Course Content (Syllabus)
The way language is used in interaction to facilitate communication and the way by which language use shapes learning in school contexts constitute very important topic of discussion in current educational research. Recent work (especially in the field of literacy studies) has illustrated that interaction in school contexts constitutes a complex process of negotiating meanings through the production and interpretation of oral and written texts. Indeed, these texts as well as the way they are used in various social contexts – including school-based ones – cannot be seen as neutral means participants use for conveying information; they rather comprise a system or a set of social practices – a set of literacy practices. Literacy and specifically the notion of school literacy is used in current research in reference to the way in which the activities of reading, writing, speaking and listening relate to each other for the attainment of specific communicative purposes as well as for the construction of students as specific kinds of literate subjects. In other words, the kinds of texts school regards as important
This course investigates the nature of school literacy by attending to and analyzing the various processes by which the members of a school community, teachers and students, interact with each other; this interaction is mediated by the oral and written texts teachers and students co-construct. As proposed, the kinds of texts school regards as important and the way children participate in various activities concerned with the production and interpretation of texts cannot be seen as neutral. They rather index and constitute a system of positionings against language, knowledge and the world in general. It is through the interlacing of these positionings that students emerge and are shaped as particular kinds of literate subjects with a critical orientation to knowledge.
Additionally, this course outlines and discusses the various proposals that have been outlined in the literature with regard to language teaching. Although the notion of ‘language teaching’ in the Greek context indexes a very specific orientation to teaching practices, i.e. one that place more emphasis on the structural character of language and its sociolinguistically-conditioned uses, more recent developments advice us that teaching should be analyzed within a wider perspective. This newer perspective foregrounds the notion of critical literacy and attends to the development of students as critical learners.
Critical literacy – i.e. seen as an inquisitive stance against texts but also against the world members of a local community of learners - is analyzed through the various kinds of processes participants in local classroom communities interrelate with each other, created in and through the oral and written texts they co-construct. The course presents the various kinds of difficulties students and teachers confront as they appropriate, negotiate and resist the elements that constitute the nature of school literacy. Among the themes discussed: What do we mean by the notion of ‘oral language’ and ‘oral proficiency’? Through what processes are the metalinguistic and communicative knowledge relate to the acquisition of early reading and writing or with text production? Is oral language a homogeneous entity or can we identify different kinds of oral texts which can be develop din different ways? What is the relationship between oral and written language, and the processes of text production and interpretation? How do text types work? What are the kinds of cognitive, metacognitive strategies that work during the interpretation of various speech and multimodal texts that constitute the threads of meaning in the school context?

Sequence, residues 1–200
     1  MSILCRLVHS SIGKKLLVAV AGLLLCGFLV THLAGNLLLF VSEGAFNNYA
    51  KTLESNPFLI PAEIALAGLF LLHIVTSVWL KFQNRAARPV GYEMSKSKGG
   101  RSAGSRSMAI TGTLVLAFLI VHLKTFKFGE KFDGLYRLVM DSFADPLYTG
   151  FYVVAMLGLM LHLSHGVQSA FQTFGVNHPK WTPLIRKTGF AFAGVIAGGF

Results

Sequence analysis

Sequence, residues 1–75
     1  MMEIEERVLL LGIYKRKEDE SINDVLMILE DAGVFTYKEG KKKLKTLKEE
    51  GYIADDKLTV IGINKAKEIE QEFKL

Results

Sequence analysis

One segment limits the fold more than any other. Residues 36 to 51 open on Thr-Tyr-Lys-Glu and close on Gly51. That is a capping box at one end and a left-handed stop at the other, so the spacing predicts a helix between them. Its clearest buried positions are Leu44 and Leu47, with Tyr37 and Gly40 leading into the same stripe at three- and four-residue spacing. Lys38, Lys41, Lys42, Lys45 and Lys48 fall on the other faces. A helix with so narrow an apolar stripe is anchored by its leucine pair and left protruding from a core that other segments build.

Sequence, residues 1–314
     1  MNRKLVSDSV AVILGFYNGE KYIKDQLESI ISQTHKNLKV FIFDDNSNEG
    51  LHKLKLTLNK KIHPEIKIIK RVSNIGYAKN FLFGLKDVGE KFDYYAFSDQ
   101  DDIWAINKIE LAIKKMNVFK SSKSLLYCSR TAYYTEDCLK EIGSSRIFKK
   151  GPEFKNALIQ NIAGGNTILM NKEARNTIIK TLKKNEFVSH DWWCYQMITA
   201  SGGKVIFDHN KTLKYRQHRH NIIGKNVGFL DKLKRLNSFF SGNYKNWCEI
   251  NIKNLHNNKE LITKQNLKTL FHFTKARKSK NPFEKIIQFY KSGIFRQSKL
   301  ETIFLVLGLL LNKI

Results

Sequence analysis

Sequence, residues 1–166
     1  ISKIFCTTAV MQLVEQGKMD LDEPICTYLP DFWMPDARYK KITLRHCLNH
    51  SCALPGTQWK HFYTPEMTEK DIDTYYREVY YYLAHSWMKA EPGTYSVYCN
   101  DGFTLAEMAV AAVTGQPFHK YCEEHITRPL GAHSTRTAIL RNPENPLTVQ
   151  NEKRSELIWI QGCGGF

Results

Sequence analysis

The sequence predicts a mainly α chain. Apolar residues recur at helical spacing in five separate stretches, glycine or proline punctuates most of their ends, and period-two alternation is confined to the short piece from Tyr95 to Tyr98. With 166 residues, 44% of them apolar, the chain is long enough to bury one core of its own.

Developed in 3 sections, the course discusses in detail the basic theses, terms, assumptions and ideological meanings that have informed the study of language and literacy in school communities. Specifically:
In the first section under the title ‘Basic notions’ the basic terminology is introduced as regards the study of language as a structure and as a system of use. The various levels of language description are outlined, as well as the units of analysis and the ways linguistic units relate to each other. The emphasis is not on simply outlining these developments but rather on illuminating the way by which these notions can be taken up by teachers to enrich their understanding of the linguistic and communicative competencies with which children come to school.
The second section entitled ‘literacy in the preschool and early school years’ presents the psycholinguistic theories that have been proposed with regard to early literacy acquisition, outlines the various kinds of competencies constituting emergent literacy and discusses topics on early reading and writing.
In the third section, beginning with early school years, reference is made to the difficulties teachers and students face as they are involved in early reading and writing activities. More specifically, the section entitled ‘teaching early reading and writing’ outlines the way oral and written language relate to and differ from each other and the way such differences shape children’s routes to reading and writing in the early school years. Emphasis is directed to school practices. The section outlines and critically discusses the various methodological perspectives that have been proposed with regard to early reading and writing.